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Old 10-02-2009, 05:59 PM   #1
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Need Help..Trying to get 50 to 60 mile tv signals for RV

Has anyone been able to get TV signals from 50 to 60 miles away with there roof RV antenna ?
If so how did you do it ?
I need to get TV signals from the FLA.Keys to Mainland Fla. app. 50-60 miles.
Has anyone added this to there WINEGARD batwing antenna ? IF so about how many miles away do you get signals ? ...... MY GUESS is LESS THAN 30Miles ???
#Rv-2005 replacement head & wingman...........
improve your Winegard Sensar batwing antenna's VHF/UHF performance with the Wingman. This lightweight, sleek add-on attaches with 4 simple snap-on screws to the Sensar head to increase db gain up to 100% on DTV channels.
Features.....
Optimizes Sensar for DTV channels
Increases performance up to 100%
Attaches to existing Sensar head

Thanks in advance for ANY info.
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Old 10-03-2009, 08:40 AM   #2
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Re: Need Help..Trying to get 50 to 60 mile tv signals for RV

What you're wanting to do is difficult.

Forget that Winegard Wingman thing. It's just an attempt to make a VHF antenna more resonant at UHF freqs (where all the TV stations are now, it amazes me that Winegard and others are still selling VHF antennas... the stations in that band are gone, folks!).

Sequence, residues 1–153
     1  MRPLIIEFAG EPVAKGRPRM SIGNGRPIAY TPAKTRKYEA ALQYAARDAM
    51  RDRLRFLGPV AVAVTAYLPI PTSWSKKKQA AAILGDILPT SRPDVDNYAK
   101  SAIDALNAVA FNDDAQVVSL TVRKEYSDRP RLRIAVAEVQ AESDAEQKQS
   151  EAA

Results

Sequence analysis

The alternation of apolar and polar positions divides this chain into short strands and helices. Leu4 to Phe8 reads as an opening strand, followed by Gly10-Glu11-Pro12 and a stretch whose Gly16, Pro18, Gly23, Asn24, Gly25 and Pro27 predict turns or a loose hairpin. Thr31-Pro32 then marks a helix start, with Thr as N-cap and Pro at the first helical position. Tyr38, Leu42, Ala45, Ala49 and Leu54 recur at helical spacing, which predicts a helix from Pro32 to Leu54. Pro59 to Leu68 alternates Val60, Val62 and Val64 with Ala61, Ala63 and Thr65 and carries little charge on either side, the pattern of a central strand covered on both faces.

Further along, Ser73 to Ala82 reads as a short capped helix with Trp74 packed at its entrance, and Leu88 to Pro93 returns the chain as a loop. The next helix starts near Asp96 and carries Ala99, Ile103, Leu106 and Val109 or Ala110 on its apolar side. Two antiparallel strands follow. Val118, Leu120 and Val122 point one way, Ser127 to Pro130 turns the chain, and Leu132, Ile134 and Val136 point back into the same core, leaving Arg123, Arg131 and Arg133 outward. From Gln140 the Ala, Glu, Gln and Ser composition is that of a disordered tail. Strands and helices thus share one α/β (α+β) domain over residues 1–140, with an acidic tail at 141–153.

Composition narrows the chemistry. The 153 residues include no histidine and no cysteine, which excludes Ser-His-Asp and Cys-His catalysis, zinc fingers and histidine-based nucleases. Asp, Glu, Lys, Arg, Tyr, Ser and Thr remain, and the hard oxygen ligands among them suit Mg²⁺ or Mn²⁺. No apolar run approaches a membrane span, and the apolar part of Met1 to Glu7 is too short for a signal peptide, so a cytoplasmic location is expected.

So, what you need is something like this 8' long monster:

Winegard HD9095P
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Old 10-03-2009, 09:07 AM   #3
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The main issue with DTV reception is antenna height, at least at distances. We live about 35 miles south of Rochester NY where there are 5 TV stations. When we first got the convertors a year ago, the reception was intermittent due to them using temporary channels. Once they settled into the permanent channels, reception got a lot better.

We live on a hill that is around 850' higher than the valley below us. From the north side of the hill we can see right into downtown Rochester. Because UHF transmissions are essentially "line of sight", we have very good reception on a set of rabbit ears alone. But we did find that moving the downstairs antenna to an upstairs closet greatly improved reception reliability. 8 feet of height made a big difference.